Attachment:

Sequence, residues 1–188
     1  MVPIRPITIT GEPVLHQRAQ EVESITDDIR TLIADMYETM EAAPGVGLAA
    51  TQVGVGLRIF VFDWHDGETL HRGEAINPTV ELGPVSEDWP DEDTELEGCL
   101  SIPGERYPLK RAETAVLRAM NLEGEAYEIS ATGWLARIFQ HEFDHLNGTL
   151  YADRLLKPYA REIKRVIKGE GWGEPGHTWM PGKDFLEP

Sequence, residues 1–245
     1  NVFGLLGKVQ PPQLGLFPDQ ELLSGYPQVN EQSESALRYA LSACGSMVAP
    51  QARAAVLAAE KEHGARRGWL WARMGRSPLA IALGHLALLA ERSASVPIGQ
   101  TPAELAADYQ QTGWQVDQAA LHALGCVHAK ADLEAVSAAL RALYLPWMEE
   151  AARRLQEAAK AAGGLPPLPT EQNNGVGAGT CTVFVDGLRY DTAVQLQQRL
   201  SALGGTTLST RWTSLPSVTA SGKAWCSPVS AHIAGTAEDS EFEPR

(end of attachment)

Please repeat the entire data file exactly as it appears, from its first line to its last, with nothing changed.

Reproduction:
Sequence, residues 1–188
     1  MVPIRPITIT GEPVLHQRAQ EVESITDDIR TLIADMYETM EAAPGVGLAA
    51  TQVGVGLRIF VFDWHDGETL HRGEAINPTV ELGPVSEDWP DEDTELEGCL
   101  SIPGERYPLK RAETAVLRAM NLEGEAYEIS ATGWLARIFQ HEFDHLNGTL
   151  YADRLLKPYA REIKRVIKGE GWGEPGHTWM PGKDFLEP

Sequence, residues 1–245
     1  NVFGLLGKVQ PPQLGLFPDQ ELLSGYPQVN EQSESALRYA LSACGSMVAP
    51  QARAAVLAAE KEHGARRGWL WARMGRSPLA IALGHLALLA ERSASVPIGQ
   101  TPAELAADYQ QTGWQVDQAA LHALGCVHAK ADLEAVSAAL RALYLPWMEE
   151  AARRLQEAAK AAGGLPPLPT EQNNGVGAGT CTVFVDGLRY DTAVQLQQRL
   201  SALGGTTLST RWTSLPSVTA SGKAWCSPVS AHIAGTAEDS EFEPR